The Sussex PM Group will hold its next meeting on Thursday, 15 November, 11-1pm in the Silverstone Building. This workshop is intended to problematise this lacuna at the intersection of critical IR Theory and FPA. What methodological steps are necessary to capture foreign policy formation and the efficacy of foreign policy actors in international encounters at the highest level of state power?
Much of the critical IR, IPE, and IHS literature has followed general IR Theory in externalising foreign policy formation, international politics, and high diplomacy from its remit of explanation. The general tendency has been to collapse these phenomena back into deeper contextual and structural conditions – either domestic social forces or wider systemic logics – that purportedly govern international relations. This procedure downgrades the potential degrees of autonomy and agentic power that situated foreign policy actors wield in developing foreign policy strategies. It also fails to capture the often unexpected bilateral and multilateral resolutions of forms of conflict and co-operation through international politics and international diplomacy. More often than not, the specificity of such multilateral foreign policy encounters and their innovative outcomes tend to be re-normalised through their subsumption under general-framework-expectations. Foreign Policy Analysis, in turn, has classically tended to follow the protocols of comparative foreign policy analysis, restricting its scope to a series of single-country studies and inter-country comparisons premised on an “inside-out” perspective, aiming to identify the spectrum of ‘levels’ that determine foreign policy formation. This leaves international relations and more specifically international politics largely acknowledged.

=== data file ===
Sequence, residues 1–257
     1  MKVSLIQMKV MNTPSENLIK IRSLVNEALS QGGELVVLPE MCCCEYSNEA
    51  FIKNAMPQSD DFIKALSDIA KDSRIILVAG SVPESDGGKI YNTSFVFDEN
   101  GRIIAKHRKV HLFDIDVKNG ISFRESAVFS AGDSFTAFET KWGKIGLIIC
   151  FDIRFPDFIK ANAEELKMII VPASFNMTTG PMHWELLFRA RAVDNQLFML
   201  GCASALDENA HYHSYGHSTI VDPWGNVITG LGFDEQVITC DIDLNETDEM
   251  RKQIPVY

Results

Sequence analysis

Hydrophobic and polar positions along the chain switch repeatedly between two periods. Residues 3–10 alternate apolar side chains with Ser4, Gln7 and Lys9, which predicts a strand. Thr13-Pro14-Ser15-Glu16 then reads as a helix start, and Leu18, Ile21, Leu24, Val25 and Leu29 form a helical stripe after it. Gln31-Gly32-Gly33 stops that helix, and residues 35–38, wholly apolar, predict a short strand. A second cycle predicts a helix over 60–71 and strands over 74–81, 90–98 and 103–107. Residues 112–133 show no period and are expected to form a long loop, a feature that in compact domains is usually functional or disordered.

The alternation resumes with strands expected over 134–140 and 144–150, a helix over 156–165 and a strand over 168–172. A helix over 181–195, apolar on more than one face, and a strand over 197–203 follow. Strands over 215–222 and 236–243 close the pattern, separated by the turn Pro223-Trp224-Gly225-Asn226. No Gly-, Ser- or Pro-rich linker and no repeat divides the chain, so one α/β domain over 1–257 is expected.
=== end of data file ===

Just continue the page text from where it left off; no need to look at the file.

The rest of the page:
We will explore this question through three case-studies: Benno Teschke (Sussex) on ‘Britain and the 1713 Utrecht Peace Settlement’, Sebastian Hoppe (Berlin) on ‘Putin’s Foreign Policy towards Ukraine and China’, and Julian Germann (Sussex) on ‘German Economic Foreign Policy, Austerity & the Eurocrisis’.
Readings will be circulated in advance through the mailing list.